For Philippine S&T, we need to channel our efforts towards increasing the productivity of agriculture and industries, and improve the links between agriculture and industry so that high quality jobs can be created, especially for the unskilled. S&T innovations that directly improve the quality of life, especially those related to health, safety, and environmental quality, are also crucially needed. Other sectors in the economy also have critical issues that could be addressed by advances in S&T.

Enhancing the country’s S&T capacity depends on good policies and practices that foster the appropriate environment and promote the interconnectedness of the areas upon which S&T stands. Policies that promote greater human resource development, facilitate demand for knowledge from the private sector, enhance public support for and management of knowledge institutions, and facilitate access to information and communication technologies (ICT) infrastructure must be coordinated and harmonized in order to create the conditions in which S&T capacity deepens and consolidates. A major part of the R&D work will still be initiated by government. But we hope that the private sector would increase their R&D efforts as well.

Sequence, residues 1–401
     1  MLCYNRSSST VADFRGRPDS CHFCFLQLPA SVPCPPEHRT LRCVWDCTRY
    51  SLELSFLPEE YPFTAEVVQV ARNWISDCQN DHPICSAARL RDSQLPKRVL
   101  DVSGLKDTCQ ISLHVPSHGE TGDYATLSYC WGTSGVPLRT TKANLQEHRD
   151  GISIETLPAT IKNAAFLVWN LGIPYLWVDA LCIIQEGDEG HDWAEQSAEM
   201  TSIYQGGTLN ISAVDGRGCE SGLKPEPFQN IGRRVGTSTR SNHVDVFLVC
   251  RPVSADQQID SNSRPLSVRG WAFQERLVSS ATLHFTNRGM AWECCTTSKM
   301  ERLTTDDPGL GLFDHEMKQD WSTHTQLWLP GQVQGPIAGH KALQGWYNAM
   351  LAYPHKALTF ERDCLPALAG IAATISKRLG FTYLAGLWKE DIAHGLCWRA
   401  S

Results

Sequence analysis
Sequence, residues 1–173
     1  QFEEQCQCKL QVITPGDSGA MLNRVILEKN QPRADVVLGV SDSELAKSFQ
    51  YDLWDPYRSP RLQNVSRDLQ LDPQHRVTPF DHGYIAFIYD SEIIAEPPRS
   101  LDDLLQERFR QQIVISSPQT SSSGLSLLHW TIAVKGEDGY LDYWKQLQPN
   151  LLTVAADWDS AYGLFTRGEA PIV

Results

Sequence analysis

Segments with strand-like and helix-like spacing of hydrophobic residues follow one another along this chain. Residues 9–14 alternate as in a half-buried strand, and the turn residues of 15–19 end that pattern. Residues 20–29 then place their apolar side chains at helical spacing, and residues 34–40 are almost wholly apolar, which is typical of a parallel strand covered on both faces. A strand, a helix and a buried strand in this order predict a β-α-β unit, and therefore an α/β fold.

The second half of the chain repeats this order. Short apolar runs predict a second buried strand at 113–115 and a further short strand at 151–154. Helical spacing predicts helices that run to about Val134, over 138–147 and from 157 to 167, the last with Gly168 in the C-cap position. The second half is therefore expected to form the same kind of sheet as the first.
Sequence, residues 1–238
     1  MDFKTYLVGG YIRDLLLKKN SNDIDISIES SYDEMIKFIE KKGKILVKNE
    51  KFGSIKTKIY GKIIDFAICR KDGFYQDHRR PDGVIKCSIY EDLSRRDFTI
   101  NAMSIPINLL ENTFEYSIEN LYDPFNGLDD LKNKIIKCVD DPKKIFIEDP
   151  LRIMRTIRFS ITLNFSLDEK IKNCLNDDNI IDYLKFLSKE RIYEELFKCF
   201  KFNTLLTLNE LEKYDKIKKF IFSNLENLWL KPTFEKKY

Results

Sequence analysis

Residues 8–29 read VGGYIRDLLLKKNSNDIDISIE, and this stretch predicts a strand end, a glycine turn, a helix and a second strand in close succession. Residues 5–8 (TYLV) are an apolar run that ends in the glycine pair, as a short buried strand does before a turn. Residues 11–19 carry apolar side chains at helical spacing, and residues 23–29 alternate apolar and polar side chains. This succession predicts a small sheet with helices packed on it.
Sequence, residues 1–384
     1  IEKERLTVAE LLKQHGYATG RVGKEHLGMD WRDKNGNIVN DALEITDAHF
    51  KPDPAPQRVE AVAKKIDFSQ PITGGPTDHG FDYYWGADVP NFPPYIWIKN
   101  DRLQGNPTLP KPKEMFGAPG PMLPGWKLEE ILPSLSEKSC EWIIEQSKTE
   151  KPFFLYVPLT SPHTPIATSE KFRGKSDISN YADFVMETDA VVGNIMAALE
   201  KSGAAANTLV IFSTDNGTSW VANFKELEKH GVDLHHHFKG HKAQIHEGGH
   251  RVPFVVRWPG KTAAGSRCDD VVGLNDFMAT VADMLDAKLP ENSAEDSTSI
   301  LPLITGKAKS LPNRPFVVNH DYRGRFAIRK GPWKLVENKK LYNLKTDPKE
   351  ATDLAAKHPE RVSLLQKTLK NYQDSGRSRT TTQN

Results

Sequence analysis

Investments in human capital will also address the problem of low employability among new job entrants. We have started the phased implementation of the K to 12 Basic Education Program, which aims to improve the quality of basic education and to better prepare our students for the world of work. We are also increasing investments in technical education while encouraging higher education institutions to partner with business and employers to ensure the relevance of their program offerings.

Successful implementation of these strategies demands a greater sense of urgency among us in government, as well as better coordination between and among the various agencies charged with implementing programs and projects. Under the leadership of our President, we are coordinating our programs and projects to maximize efficiency and effectiveness.
As we in government work to improve the business environment and invest in S&T and human capital development, we hope that our partners in the S&T community and in the industry sector will also take the necessary steps to increase their efficiency, productivity and competitiveness. As mentioned earlier, one way to do this is to increase research, development and innovation efforts. To lessen our export dependency on mainly electronics and semiconductors, we hope that our private sector partners will also diversify and expand production of high value-added products, and increase investments on backward and forward linkages to boost the multiplier effects of our industries.

Economic growth, inclusion, and competitiveness are not mutually exclusive; on the contrary, these factors enhance and reinforce each other.  In the same way, our work in government can only be strengthened and enhanced with the continuing support of our partners in industry and in the science and technology community. Together, let us promote a culture of multi-disciplinary collaboration, knowledge sharing, open dialogue and cross-fertilization of ideas, as we work to harness the benefits of science and technology to improve the lives of our people.
Thank you and good morning.